# Generating cyclical dependency graphs from k-way partitions of DAGs representing boolean networks

My question stems from something mentioned in the following paper*:

Acyclic Multi-Way Partitioning of Boolean Networks by Jason Cong, Zheng Li, and Rajive Bagrodia

Given a DAG representing a Boolean network, $N$, where each node represents a logic gate, define a k-way partitioning solution as $S = (A_1, A_2, ..., A_k)$ satisfying $$A_i \cap A_j = \emptyset \quad{\text{and,}}$$ $$\bigcup\limits_{i=1}^{k} A_i = N$$

Then define a dependency graph $D(S)$. This is a directed graph with $k$ nodes where each node represents a block, $A_i$, and has an edge $(A_i,A_j)$ if and only if there exists an edge $(x,y)$ in $N$ such that $x \in{A_i}$ and $y \in A_j$ (in other words, the edges are the edges removed when forming the partition).

The authors note that it is possible to get dependency graphs that are cyclic after some k-way partition. My question is, how is this possible? I can't seem to come up with an example where partitioning a DAG would ever produce a cyclic dependency graph. As I see it, a cyclic dependency graph would require a an edge to be "reversed" somehow, which would produce a cycle in the original DAG. Perhaps it has something to do with the fact these graphs are representing boolean networks?

*Link to pdf may be paywalled

**Note the authors also have a balance constraint on the partitions which I didn't describe but I don't think that's relevant to my question.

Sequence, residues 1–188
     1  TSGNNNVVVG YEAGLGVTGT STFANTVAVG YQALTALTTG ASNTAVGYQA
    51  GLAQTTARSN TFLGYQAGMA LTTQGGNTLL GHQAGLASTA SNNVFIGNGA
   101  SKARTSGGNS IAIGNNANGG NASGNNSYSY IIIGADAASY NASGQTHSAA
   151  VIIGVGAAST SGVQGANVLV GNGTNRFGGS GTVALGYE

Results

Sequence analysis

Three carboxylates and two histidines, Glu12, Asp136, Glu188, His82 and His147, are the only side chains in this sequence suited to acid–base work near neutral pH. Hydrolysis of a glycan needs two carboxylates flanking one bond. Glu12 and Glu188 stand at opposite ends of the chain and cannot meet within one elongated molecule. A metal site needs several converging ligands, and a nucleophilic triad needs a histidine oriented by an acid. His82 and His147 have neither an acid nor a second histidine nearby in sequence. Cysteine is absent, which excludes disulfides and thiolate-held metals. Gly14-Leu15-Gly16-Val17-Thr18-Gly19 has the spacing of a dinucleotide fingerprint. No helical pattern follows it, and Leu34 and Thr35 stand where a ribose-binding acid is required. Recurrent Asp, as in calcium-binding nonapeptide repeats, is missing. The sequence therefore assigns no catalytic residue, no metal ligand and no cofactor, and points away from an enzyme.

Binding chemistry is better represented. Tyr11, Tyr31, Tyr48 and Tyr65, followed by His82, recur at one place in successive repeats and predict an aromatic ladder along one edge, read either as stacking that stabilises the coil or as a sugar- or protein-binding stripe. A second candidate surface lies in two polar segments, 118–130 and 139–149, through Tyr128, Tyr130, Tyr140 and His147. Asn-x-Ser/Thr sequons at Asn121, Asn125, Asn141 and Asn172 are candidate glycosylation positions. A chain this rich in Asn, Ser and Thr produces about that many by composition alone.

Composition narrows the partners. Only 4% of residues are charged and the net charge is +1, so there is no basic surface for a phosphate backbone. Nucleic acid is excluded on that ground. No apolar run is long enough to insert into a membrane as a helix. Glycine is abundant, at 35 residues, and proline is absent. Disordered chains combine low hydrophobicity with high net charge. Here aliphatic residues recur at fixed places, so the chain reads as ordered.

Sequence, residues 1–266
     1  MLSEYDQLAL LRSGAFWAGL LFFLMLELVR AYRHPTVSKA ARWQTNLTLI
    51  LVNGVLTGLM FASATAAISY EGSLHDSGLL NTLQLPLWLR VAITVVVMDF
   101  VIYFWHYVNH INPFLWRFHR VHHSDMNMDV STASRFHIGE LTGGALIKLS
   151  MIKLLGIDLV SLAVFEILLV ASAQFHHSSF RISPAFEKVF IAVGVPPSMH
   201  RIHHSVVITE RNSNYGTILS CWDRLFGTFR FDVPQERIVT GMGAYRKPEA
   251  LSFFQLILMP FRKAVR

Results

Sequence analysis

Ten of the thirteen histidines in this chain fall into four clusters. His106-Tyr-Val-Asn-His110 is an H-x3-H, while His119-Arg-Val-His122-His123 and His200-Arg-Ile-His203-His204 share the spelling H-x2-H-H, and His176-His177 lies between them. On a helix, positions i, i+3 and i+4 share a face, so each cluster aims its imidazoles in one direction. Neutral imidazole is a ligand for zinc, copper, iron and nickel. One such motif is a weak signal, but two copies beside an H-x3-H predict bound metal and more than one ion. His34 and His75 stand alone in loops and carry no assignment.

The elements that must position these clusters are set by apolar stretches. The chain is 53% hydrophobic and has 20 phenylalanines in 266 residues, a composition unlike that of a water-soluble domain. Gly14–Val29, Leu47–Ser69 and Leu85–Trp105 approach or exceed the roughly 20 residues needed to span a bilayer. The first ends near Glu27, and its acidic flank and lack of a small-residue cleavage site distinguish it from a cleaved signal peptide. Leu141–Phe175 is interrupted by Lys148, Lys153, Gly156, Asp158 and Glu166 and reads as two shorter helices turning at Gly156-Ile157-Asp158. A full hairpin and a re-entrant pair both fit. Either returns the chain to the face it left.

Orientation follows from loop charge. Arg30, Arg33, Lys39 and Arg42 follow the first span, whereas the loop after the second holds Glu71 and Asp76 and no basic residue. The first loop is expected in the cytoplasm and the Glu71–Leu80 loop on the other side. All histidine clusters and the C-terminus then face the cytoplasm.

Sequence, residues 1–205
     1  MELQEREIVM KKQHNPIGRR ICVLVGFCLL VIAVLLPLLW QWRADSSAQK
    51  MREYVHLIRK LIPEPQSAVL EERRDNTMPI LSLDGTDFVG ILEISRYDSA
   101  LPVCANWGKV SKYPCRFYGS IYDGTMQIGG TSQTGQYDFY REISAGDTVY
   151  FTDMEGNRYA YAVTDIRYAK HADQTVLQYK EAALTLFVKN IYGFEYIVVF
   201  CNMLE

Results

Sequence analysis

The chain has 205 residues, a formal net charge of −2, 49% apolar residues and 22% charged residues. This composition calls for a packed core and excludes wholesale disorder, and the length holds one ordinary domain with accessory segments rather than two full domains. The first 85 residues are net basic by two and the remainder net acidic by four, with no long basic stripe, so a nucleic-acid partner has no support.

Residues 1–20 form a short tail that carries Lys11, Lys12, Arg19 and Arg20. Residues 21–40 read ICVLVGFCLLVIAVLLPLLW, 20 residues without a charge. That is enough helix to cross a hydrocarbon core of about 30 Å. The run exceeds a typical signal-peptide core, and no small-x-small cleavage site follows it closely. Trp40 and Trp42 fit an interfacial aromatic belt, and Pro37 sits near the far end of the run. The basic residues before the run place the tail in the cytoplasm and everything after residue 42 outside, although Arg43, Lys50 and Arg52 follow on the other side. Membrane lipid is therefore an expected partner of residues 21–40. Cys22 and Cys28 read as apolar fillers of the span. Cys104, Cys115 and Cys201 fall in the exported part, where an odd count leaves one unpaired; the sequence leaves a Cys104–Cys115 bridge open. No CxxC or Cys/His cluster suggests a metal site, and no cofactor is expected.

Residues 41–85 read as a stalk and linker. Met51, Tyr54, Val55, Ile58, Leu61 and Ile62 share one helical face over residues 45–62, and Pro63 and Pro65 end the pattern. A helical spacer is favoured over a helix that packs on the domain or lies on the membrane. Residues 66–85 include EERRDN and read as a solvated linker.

• Can you provide a full citation for the paper, that will work even if the link stops working, and so that others interested in the paper can find this post? I suggest including title, authors, and where published, as well as a link to a freely available PDF, if possible. We have collected some advice here. Thank you!
– D.W.
Sep 7 '17 at 22:26
• Yes that's a good point. Can't quite tell if it's paywalled (I think it might be) but I can't seem to find a link that's clearly free. Hope that suffices and thanks for pointing that out!
– jaip
Sep 8 '17 at 1:31
• No worries, there won't always be a free pdf available -- it's just a nice to have, if one exists (as it might help get you better answers, in case someone wants to read the paper).
– D.W.
Sep 8 '17 at 8:31

Consider the following graph on three vertices:

$$u \to v \to w$$

This is acyclic. If you set $A_1 = \{u,w\}$ and $A_2 = \{v\}$, you end up with a dependency graph that is cyclic: it has an edge $A_1 \to A_2$ (due to the edge $u \to v$) and an edge $A_2 \to A_1$ (due to the edge $v \to w$).

• Hmm ok I see what you're getting at. Still confused though. In this case the DAG represents a combinational boolean network where I guess $u$ would be the input node, $w$ would be the output node, and $v$ would be some logic gate. If you make the partition you describe, the circuit wouldn't have the same logic anymore (I don't even think it would be a combinational network anymore), which seems to defeat the whole purpose. It seems like that partition would be invalid from the get go b/c it changes the logic (essentially, the paths aren't preserved). Or maybe that's the whole point?
– jaip
Sep 8 '17 at 1:40
• @jaip, the question doesn't specify any restrictions on what partitions are "allowed", so I don't know how to answer that. I'm going by what is in the question, so if there is other context that is relevant, I might be missing it.
– D.W.
Sep 8 '17 at 2:10
• Ok fair enough. I was going off the problem formulation given in the linked paper. My guess is that might be why those partitions were noteworthy. Thanks for the example!
– jaip
Sep 8 '17 at 2:17